Tips for going into a career
outside of academia

Published May 01 2017

Woman in interview

When I was a graduate student at the University of North Carolina in Chapel Hill, I moved to complete my dissertation research with a co-mentor at the University of Arizona in Tucson. It was wonderful to experience another university and to see a beautiful part of the country. However, I felt isolated from career-development resources and opportunities, as I was not officially a student at UA. As I neared graduation, I was curious about careers in industry. I applied to positions but to no avail. It wasn’t until a few years later, during my postdoctoral research, that I learned much more about how to apply effectively and do a job interview.

I am now a scientist at PRA Health Sciences, a contract research organization, as well as a member of the American Society for Biochemistry and Molecular Biology Education and Professional Development Committee. I have some tips that I hope fellow scientists, especially those early in their careers or without many career-planning resources, will find helpful.

Before the interview

Tip 1: Develop a strong résumé.

Before you get your dream job, you must apply! One of the most useful career seminars I attended featured a successful and well-paid science businesswoman who started as a dog-food tester. You can and should honestly and openly explain the details of your job experience at the interview. However, you must first get to the interview through word-search software programs and human resource personnel who may not have a science background. Instead of listing “dog-food tester,” the businesswoman listed the experience as “research associate” on her résumé. When all that represents you initially is words, words matter.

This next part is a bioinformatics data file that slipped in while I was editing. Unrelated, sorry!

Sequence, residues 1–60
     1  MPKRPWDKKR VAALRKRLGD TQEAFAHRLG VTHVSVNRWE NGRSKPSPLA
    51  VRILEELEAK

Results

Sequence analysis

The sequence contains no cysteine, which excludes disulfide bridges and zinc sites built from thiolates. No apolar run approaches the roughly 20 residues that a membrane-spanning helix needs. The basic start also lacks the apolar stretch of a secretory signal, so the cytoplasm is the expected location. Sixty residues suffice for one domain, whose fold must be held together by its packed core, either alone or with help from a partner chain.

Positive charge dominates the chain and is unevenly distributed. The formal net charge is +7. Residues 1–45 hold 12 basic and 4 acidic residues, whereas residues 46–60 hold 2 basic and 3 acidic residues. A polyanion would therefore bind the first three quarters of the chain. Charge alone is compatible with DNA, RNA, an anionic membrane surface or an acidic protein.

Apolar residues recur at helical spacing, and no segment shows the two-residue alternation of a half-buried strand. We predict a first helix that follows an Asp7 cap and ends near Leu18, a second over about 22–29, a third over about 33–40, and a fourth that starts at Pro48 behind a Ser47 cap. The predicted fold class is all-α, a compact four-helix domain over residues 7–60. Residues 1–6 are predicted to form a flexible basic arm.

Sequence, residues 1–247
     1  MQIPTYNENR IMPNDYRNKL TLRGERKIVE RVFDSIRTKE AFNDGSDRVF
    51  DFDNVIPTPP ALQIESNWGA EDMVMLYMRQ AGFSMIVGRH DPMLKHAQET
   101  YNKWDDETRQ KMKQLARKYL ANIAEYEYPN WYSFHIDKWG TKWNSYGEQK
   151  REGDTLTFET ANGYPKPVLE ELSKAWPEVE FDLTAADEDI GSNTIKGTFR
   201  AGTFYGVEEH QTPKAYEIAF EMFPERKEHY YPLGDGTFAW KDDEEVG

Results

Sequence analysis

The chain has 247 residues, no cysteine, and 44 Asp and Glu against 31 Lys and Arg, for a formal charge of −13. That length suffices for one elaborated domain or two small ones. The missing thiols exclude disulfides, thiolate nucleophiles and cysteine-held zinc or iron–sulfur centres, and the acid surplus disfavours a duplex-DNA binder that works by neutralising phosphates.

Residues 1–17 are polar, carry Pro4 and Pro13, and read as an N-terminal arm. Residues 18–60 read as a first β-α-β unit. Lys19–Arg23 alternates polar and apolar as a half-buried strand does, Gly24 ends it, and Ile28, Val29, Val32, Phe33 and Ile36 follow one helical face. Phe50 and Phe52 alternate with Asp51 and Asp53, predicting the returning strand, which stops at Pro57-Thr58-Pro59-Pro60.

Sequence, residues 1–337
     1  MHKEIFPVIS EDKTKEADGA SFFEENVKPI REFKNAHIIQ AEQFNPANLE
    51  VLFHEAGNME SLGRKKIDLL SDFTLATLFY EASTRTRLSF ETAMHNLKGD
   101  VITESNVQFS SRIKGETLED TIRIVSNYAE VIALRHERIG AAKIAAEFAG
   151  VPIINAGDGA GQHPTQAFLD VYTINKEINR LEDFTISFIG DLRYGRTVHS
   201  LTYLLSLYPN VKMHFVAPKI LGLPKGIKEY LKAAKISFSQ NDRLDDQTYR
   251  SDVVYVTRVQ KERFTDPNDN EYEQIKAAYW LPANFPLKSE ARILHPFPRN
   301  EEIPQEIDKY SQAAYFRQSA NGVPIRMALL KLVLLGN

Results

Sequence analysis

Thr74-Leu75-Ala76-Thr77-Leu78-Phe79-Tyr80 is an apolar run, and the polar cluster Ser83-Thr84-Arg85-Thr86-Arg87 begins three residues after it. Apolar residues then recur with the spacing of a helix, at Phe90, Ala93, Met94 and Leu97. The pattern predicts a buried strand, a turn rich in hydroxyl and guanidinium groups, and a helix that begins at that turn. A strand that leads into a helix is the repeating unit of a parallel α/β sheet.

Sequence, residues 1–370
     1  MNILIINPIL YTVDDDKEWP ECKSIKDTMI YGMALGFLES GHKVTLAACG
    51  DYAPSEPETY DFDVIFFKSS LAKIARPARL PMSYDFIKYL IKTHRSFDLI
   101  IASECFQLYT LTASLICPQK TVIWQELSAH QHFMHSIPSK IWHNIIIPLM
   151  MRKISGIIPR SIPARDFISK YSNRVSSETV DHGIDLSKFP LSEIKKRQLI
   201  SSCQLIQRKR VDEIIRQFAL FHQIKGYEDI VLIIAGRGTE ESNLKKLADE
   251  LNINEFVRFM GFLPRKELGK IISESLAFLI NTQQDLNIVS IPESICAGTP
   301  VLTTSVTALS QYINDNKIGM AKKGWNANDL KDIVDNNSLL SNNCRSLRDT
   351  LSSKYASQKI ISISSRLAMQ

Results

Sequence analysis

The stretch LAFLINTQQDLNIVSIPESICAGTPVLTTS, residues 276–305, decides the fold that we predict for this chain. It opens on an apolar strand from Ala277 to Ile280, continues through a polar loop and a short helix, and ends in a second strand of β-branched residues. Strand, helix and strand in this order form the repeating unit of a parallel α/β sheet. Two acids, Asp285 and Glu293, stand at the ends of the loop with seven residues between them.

Another tip is to keep your résumé to no more than two pages and have someone review your résumé, such as someone in your university’s career services department or a guest speaker on resume writing. Come with your resume printed. Are you running out of room on your résumé? The C.E.O. of a huge company told me that few outside of academia focus on publications, so include only publications that are directly applicable to the job for which you’re applying.

Lastly, employ SMART goals when writing your résumé. SMART stands for specific, measureable, actionable, relevant and time-bound. Utilizing SMART goals is an excellent way to be concise and informative about your experiences. For example, you could write “designed experiments and wrote protocols during grad school.” Or, you could write, “created and implemented seven research plans about bone-marrow transplants that contributed significantly to three federally funded grants each worth over $40,000 over the course of two years.” The latter is more specific, measureable, relevant and time-bound and shows you attained something. Using SMART goals as a guide will make your résumé bullet points much stronger.

Tip 2: Get leadership experience.

There are endless leadership opportunities for graduate students and postdoctoral scholars that will help you stand out to future employers. For example, you could take a leadership role (or establish one) in your university’s postdoctoral association or graduate student organization. Or you could start a diversity and equity committee within your postdoctoral association. These are just some ideas to help your local community while gaining leadership experience.

Tip 3: Seek professional career counseling.